A decade ago, it was rather easy to understand your relationship to data. In most cases, you were either a database administrator, business analyst, or consumer of data. As a database administrator you ‘owned’ the system and how the data was structured and stored. As a business analyst, you were the go-to ‘data person’ who could access the data and manipulate it into reports and graphs. As the data consumer, you received the reports to use in your decision making.

Although some organizations still operate this way, most have migrated to more complex environments utilizing cloud infrastructure, having multiple sources of data – some which may be unstructured, leveraging tools like AI for automation and predictive capabilities, and employing business intelligence platforms. These advances in technology and complexity of how we collect, store, engineer, and use our data has resulted in an explosion of data related roles. In today’s organization you will see more modern titles such as Data Analyst, Data Engineer, and Data Scientist as well as others affiliated with data such as a Machine Learning (ML) Engineer.

Now that we have labeled some of the job titles let us look at each of the roles to define what types of tasks they do and the skills they require.

  • Data Engineers manage data throughout its lifecycle including designing, building, and maintaining data infrastructure whether on premise, in the cloud, or both. Key skills for Data Engineers are the ability to administer databases and other data repositories plus transforming or moving data between these platforms using technologies such as Hadoop and Spark. Other skills will include querying languages like SQL, programming languages like Python, C, or Java, and other ETL and database tools.
  • Data Analysts obtain appropriate data, prepares it for analysis, and creates reports and visualization of data. Key skills for Data Analysts including visualization tools such as Microsoft Excel, Microsoft Power BI, and Tableau, querying languages like SQL, and for those with more advanced skills potentially using tools such as Jupyter Notebooks or RStudio, and programming in Python or R. You will also many times be explaining the data and its implications to others so will need to be a capable presenter as well.
  • Data Scientists perform deeper analysis on the data including developing predictive models to solve more complex data problems. Key skills for Data Scientists include have a strong mathematical foundation in the areas of probability, statistics, linear algebra, and calculus, familiarity with tools such as Jupyter Notebooks and RStudio, programming languages such as Python or R, and modeling with Pandas, PyTorch and similar environments. Data Scientists typically will also possess some domain expertise.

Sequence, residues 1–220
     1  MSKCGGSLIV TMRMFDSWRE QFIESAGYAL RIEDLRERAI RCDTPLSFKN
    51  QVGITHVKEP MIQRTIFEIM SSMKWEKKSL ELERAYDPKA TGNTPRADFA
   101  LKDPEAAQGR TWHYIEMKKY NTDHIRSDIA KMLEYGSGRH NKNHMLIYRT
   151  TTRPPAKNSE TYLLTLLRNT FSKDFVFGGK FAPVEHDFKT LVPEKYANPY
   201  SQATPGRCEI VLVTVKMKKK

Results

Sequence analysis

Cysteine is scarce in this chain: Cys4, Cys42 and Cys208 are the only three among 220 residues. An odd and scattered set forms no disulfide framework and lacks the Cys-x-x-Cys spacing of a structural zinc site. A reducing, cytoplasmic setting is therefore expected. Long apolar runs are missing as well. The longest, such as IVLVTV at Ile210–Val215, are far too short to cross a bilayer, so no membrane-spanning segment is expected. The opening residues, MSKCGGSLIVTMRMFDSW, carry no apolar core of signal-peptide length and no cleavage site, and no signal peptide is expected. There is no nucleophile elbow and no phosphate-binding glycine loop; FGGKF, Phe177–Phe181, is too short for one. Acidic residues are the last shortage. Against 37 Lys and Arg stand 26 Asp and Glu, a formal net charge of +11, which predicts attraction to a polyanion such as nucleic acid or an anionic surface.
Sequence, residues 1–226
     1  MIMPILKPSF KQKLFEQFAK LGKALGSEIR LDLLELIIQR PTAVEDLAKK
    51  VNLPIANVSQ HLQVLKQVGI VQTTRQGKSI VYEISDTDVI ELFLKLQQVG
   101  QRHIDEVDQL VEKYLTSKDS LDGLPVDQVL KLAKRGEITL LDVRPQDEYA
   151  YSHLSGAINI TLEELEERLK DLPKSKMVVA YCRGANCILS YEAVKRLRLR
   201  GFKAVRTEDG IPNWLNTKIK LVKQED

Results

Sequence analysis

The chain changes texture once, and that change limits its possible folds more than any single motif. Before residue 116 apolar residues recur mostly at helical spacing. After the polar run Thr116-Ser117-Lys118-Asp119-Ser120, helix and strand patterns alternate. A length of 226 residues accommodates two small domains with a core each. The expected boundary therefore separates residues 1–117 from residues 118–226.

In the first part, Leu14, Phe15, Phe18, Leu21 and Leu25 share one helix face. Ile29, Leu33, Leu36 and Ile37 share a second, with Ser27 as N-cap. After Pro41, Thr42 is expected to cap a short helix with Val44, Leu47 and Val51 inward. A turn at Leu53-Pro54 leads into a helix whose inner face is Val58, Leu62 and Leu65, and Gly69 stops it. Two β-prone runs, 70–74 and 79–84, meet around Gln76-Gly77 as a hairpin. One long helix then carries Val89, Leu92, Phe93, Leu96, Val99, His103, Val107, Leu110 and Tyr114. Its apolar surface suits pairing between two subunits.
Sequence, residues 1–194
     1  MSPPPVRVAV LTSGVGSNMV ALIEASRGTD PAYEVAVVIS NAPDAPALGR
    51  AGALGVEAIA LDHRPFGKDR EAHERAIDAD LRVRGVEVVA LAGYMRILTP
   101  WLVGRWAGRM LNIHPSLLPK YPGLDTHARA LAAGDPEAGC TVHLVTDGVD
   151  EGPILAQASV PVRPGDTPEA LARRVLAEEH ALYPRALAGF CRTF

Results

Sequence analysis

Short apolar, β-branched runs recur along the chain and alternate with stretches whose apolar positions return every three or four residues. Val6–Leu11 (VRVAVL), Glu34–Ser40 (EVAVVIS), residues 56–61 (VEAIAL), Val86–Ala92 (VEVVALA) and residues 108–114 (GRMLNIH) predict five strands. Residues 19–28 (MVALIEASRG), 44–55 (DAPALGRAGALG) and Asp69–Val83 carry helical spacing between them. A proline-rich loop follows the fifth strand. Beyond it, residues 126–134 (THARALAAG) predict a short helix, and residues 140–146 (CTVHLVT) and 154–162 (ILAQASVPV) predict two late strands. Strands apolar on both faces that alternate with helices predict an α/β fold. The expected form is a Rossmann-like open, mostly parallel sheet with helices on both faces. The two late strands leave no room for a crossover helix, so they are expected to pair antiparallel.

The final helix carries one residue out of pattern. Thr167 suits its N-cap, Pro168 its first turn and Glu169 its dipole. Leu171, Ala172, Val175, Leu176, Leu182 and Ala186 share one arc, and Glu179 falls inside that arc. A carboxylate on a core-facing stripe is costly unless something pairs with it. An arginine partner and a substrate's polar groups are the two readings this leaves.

• Machine Learning Engineer creates algorithms and models that use data to learn and generate predictive outcomes. Key skills for Machine Learning Engineers include programming skills in Python or R, mathematical foundations in linear algebra, probability, statistics, and multivariate calculus, ML algorithms, familiarity with tools such as Jupyter Notebooks and RStudio, and data modeling.

For those of us who been in the industry for a longer period, we can see that the modern data roles are still built on specific skills and tools. The difference is that now we need a broader set of skills that include both vendor-agnostic and vendor-specific tools regardless of role. In addition, we need to continue to refresh our knowledge and skills at a more rapid pace than ever before. But for many of us, that is exactly why we chose a profession in technology – to be challenged throughout our careers.

CertNexus is a vendor-neutral certification body, providing emerging technology certifications and micro-credentials for Business, Data, Development, IT, and Security professionals. CertNexus’ mission is to assist in closing the emerging tech global skills gap while providing individuals with a path towards establishing rewarding careers in Cybersecurity, Data Science, Internet of Things, and Artificial Intelligence (AI)/Machine Learning.